Producing your own articles is the A & O when blogging. The better your lyrics, videos, podcats or other content, the better your reputation in the scene. However, it is very useful if you support your content with other sources (I’m not talking about content theft!) or maybe also critically question it – so you also create a good basis for discussion.
Two examples: In my contribution “From the Myth of 1,000 Words” I take up a statement by Vladislav Melnik and present my view on the subject. I link to his contribution (so share it) and also quote from it. At this point, I deal very intensively with a topic from the blogger field and show that I have enough knowledge to deal with an argumentatively critical approach to a thesis.
Another example is Stephanie Kowalski’s contribution ” Image Rights and Social Media: Always in the Picture?”,in which she not only refers to further links, but also names book sources to a) support her reasoning and b) show that she is familiar with matter.
It becomes clear that we, as the author, take the position of curator and screen, sort and classify the relevant information on a topic (our article). As Falk Hegemann so beautifully says, we are “discoverers and relevance filters” in one person.
One thing is very important: other sources are used to support your own content! Spending it as your own production is not only bad style and on the verge of legality, but also shows that the principle of social media has not been understood.
Note: Content Curation does not mean content theft, but the distribution of content with indication of the source.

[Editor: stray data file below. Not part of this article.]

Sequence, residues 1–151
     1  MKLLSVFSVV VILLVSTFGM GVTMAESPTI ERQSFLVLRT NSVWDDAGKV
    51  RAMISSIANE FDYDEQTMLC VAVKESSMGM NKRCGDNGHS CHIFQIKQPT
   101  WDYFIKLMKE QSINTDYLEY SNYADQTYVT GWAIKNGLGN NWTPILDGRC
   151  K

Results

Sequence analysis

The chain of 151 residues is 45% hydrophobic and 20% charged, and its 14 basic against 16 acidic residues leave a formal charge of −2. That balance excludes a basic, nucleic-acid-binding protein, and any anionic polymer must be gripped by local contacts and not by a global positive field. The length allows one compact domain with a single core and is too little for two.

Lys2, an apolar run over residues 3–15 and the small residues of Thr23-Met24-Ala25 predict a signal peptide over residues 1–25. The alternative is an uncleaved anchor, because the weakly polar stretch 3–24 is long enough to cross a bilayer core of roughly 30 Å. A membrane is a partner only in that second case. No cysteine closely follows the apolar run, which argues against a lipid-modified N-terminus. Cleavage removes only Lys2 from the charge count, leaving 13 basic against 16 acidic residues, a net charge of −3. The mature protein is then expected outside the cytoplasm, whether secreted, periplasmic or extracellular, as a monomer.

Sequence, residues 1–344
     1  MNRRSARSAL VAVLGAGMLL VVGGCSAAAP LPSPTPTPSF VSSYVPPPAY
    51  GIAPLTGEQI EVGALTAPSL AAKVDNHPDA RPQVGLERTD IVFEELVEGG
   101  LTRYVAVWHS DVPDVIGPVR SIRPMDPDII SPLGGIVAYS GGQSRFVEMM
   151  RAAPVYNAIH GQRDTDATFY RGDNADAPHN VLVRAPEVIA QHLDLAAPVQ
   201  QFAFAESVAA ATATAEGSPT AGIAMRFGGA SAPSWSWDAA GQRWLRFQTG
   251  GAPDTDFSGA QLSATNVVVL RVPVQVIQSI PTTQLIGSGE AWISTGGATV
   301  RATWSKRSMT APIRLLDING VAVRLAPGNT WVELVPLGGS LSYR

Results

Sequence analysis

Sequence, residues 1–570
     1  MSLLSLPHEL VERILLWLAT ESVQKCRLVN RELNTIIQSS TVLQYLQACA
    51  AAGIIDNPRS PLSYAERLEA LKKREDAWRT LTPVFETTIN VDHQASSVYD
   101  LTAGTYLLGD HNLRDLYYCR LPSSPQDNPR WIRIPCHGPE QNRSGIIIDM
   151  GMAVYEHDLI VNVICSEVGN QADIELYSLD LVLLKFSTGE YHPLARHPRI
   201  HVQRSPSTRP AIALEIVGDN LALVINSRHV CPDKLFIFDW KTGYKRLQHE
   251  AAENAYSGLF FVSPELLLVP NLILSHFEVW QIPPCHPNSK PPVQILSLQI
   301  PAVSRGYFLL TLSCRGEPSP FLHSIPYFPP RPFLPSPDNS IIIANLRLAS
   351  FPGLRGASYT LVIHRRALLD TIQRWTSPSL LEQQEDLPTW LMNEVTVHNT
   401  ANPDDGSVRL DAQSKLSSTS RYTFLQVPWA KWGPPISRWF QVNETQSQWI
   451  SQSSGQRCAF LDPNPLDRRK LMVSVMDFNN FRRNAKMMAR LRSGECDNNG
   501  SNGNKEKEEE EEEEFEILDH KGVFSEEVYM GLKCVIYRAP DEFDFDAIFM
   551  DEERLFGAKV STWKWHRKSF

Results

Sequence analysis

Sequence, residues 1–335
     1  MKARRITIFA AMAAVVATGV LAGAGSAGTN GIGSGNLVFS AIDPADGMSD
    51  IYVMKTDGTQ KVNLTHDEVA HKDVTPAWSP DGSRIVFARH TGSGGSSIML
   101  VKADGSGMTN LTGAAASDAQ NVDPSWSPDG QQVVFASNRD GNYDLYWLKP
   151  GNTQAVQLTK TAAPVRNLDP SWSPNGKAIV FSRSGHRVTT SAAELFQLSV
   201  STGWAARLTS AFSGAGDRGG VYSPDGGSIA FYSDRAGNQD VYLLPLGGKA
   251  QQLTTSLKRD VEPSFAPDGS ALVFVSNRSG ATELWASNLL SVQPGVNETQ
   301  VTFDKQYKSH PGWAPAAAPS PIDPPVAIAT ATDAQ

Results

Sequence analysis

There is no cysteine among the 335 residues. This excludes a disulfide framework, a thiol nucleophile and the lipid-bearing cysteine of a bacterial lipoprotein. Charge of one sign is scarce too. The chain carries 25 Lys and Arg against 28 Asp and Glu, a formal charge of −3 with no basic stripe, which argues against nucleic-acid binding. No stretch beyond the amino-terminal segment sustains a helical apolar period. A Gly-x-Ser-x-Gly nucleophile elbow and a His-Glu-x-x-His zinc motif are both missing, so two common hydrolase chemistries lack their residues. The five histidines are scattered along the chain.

Use Content Curation to establish yourself
I think the benefits have become clear:
Benefits for you
Strengthening your expert status
Complement your own posts with additional content
Increase your awareness
Better ranking at Google with the relevant keywords
Last but not least, you’re leading by example by moving to other content and continuing to carry the idea of social media.
Benefits for recipients
You save time and energy for research on the topic.
You will receive articles with a special focus.
You will find other interesting posts with links, which they also take forward.
Benefits for the Content Producer
Its contents are disseminated
Its notoriety is growing
He receives backlinks and other traffic on his content
It’s a good place to be targeted when using Content Curation, because it’s about your reputation. This means that you should always keep an eye on the interests of your readers. So here are seven tips from me:
1.Tip: Pay attention to the quality of your source. Does she have a good reputation? Does it make serious contributions? Are the content informative? If you can answer all your questions with yes, it’s definitely worth sharing.